It's Jawbreaker Day, and We Got Chris Bauermeister and Adam Pfahler To Do An Interview Together
Last year I introduced you to the wonderful delight that is Jawbreaker Day (if you forgot, click here).
For this year's extravaganza, I tried to track down all three members of the band (singer/guitarist Blake Schwarzenbach, bassist Chris Bauermeister and drummer Adam Pfahler). As you'll see if you keep reading, I got the rhythm section, which is pretty cool for super fanboys such as myself.
Also, I have no way to confirm this other than a quick (and I do mean "quick") Google search, but as far as I can tell, these two don't appear in interviews together often. Bauermeister's online presence is damn near nil. At least to strangers anyway, which makes my job all the more difficult. Maybe he's on the Facebook or the Twitters under an alias, but I'm not privy to such information.
Having two out of three members for this year's post means it's going to be hard to top this for Jawbreaker Day 2013, but there is one way this train can keep on rolling. I'm looking at you, Mr. Schwarzenbach.
Adam Pfahler: I remember people talked about it on the Blackballrecords.com "Blackboard" message boards.
Chris Bauermeister: When Adam sent me this email.
What was your first reaction? What do you think of it now?
Adam: I think it was cool. But really, isn't every day Jawbreaker Day?
Do you celebrate May 4th in the Mission in a '63 with 10,000 miles, a pack of Chesterfield Kings, hanging out with a girl who pierced her nose way before it was cool?
Adam: Four references in one sentence? That's got to be a record!
Chris: Haven't figured that out yet -- I suppose I'll be driving to Canada for a nice weekend vacation with my wife (though I had planned that already).
Many people (myself included) think "Sluttering" is the best song off Dear You. That's not a question, but feel free to reply like it is.
Adam: I love that song. But I think the best song is "Accident Prone" and I've thought that from the very beginning.
Chris: The bass isn't loud enough.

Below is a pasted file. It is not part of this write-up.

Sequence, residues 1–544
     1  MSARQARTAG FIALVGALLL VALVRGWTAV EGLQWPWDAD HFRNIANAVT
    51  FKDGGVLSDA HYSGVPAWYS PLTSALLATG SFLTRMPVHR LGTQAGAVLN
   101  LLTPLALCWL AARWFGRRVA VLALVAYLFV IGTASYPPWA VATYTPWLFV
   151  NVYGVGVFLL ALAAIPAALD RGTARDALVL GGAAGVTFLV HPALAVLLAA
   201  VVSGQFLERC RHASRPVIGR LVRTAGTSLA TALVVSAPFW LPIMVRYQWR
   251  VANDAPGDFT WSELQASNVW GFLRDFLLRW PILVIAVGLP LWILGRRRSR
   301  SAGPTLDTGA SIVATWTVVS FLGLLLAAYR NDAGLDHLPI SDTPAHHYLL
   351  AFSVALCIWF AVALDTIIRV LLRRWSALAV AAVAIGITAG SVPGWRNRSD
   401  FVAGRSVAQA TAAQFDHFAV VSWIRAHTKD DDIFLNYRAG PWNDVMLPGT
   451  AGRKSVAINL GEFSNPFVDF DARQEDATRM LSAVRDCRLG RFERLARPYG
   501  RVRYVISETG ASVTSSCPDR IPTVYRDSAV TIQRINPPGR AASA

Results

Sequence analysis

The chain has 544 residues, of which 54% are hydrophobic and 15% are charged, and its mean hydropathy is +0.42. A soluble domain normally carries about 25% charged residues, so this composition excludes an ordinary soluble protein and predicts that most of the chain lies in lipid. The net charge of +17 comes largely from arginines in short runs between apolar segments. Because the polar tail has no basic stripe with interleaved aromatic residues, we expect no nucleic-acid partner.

Since Coachella is fresh on everyone's minds...have you been offered to play the festival? If not, I'm assuming there have been some decent offers from others, right?
Adam: Yeah, we get offers for reunion tours and festival spots pretty regularly, from Coachella to playing a wedding party for friends. Last year Lorne Michaels offered us $3,000 to reunite on "Saturday Night Live." No, that was the Beatles.
Chris: To quote Sergeant Schultz, "I know nothing! Nothing!"
Adam: Lotta. Those guys are my friends.
After so many years, what's it feel like to know so many people still care about a band you were in for a relatively brief period of time? For example, when you see people still getting the logo tattoo, how does that make you feel?
Adam: I can relate because I care for this band a great deal. I always try to get a photo of the tattooed peeps.
Chris: Ten years (1986-1996) isn't really that brief a period of time, but I suppose I'm flattered; it also helps me when I'm down to know that I was part of something which still has some sort of lasting impact - though I'm waiting until we're listed under "classic rock."
Adam, you operate a video store, correct? Once Netflix and the Internet kill hard copies for good, do you think you might get into the pay phone business?
Adam: The Internet couldn't punch its way out of a wet paper bag.
How often to people come into your job not because they are high and want to rent "The Room" or "Troll 2," but to see you?
Adam: Sometimes they come in high and want to see me.
Adam, have you seen any of Blake or Chris' post-Jawbreaker bands live? If so, how tempting was it to yell "Kiss the Bottle?" at them? I ask because whenever I've seen Blake, that's what happens.
Adam: I see them every time they come through, so I've seen Jets To Brazil, Thorns Of Life and forgetters. I saw Chris' Mutoid Men last time they played Gilman. I yell out for "Freebird" like any fan.
Let's just say I was part of the Make-A-Wish Foundation and I wanted to hear "Jinx Removing" performed live before I died. Would knowing that the Internet would crucify the three of you if you said no be enough to get you to perform in my hospital room?
Adam: What if we just showed up, watched you die, then ran through a two hour set? That would be harsh.
Chris: Censure by computer is irrelevant in my case: I don't really check any sort of online message boards or social media regularly and could care less what the Internet says about me, it's not a personal friend of mine with whom I have day-to-day human interactions - you really should get out more and stop trying to blackmail people with your imagined death.
Name one band that you haven't been in that you know every drum fill.
Adam: The Clash.
Adam: Not nearly enough!
Chris: Only when Adam passes it on or some new student in town figures out who that old fat guy with the glasses used to be.
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